Of course the lingering trade disputes with Europe and China remain a headwind and could curb earnings growth further in 2019, but investors who heed dire warnings in favor of current trends in the economy are likely going to limit their potential. I’m not sure I ever understood the notion of selling equities outside of a recession. That’s never, in the history of the stock market proven to be a recipe for success.”

At Finom Group, one of the things we continue to notice throughout these latter innings of the bull market cycle is the proliferation of “top calling” and bear market warnings. What these heralding sentiments offer tends to confuse investors, as they tend to cite factors that amplify a bear market, but not factors that cause a bear market. The causations of a bear market are usually the collection of many variables. Having said that, the U.S. is a consumer driven economy and therefore all roads that make up the infrastructure lead to the consumer.

Economic recessions are caused by a loss of business and consumer confidence. As confidence recedes, so does demand. This is the tipping point in the business cycle. It’s where the peak, accompanied by irrational exuberance, moves into contraction. If we we’re to list the 3 broadest contributing factors that lead to an economic recession we would offer them as follows:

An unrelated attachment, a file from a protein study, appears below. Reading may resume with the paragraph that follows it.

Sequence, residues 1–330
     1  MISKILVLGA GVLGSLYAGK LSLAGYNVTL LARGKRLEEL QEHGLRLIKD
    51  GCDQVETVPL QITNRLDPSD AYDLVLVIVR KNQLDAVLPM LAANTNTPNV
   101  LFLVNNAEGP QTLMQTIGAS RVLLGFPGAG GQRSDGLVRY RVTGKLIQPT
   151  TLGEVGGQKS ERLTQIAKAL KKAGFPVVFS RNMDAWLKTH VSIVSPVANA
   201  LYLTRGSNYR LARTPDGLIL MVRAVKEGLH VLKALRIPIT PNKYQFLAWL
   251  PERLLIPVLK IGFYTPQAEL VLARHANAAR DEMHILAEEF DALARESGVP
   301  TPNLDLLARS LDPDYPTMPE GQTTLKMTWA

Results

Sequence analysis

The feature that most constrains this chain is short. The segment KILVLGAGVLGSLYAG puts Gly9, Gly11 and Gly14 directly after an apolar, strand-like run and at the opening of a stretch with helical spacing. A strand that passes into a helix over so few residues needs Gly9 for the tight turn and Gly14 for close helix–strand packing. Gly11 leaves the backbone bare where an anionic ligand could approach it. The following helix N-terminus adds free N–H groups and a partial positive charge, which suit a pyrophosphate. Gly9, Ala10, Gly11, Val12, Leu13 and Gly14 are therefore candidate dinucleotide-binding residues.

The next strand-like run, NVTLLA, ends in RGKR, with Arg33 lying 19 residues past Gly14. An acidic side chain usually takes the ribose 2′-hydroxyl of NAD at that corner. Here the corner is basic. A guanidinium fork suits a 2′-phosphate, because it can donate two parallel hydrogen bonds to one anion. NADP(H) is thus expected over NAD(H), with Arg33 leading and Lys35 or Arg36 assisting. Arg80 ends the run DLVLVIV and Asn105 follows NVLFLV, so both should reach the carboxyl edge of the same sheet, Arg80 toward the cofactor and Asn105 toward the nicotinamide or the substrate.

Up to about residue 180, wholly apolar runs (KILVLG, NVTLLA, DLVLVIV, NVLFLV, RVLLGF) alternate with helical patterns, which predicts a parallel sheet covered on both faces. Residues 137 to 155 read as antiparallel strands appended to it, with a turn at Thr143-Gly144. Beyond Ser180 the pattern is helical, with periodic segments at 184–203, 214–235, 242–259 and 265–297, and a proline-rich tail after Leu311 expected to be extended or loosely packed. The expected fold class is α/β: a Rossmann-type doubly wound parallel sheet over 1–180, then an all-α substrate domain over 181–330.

1. High interest rates. When rates rise, they limit liquidity, or the amount of money available to invest
  2. A stock market crash. The sudden loss of confidence in investing can create a subsequent bear market, draining capital out of businesses.
  3. Falling housing prices and sales. As homeowners lose equity, it forces a cutback in spending as they can no longer take out second mortgages. Over time, it will cause foreclosures. This was the initial trigger that set off the Great Recession, but for different reasons. Banks that lost money on the complicated derivatives based on underlying home values.

The problem with suggesting that the aforementioned warning signs and economic recession indicators might be that the last recession distorts future recession indicators. In other words, rates are and have been rising over the last 18 months, but they are rising from historically low levels, levels not seen since the 1970s. Given the size of the labor market and level of unemployment, the populous has the ability to absorb higher rates, which are only relatively high on a YOY basis and not even at levels reached prior to the last recession. The 10-year Treasury would need to yield more than 5.25% before it achieves the prior expansion cycle high. And it wasn’t interest rates that caused the previous recession, but rather a multitude of factors surrounding the procurement of variable interest rate/subprime loans, deregulation and over exuberance surrounding the housing market that was derived from a lacking of regulations whereby financial institutions leveraged too heavily.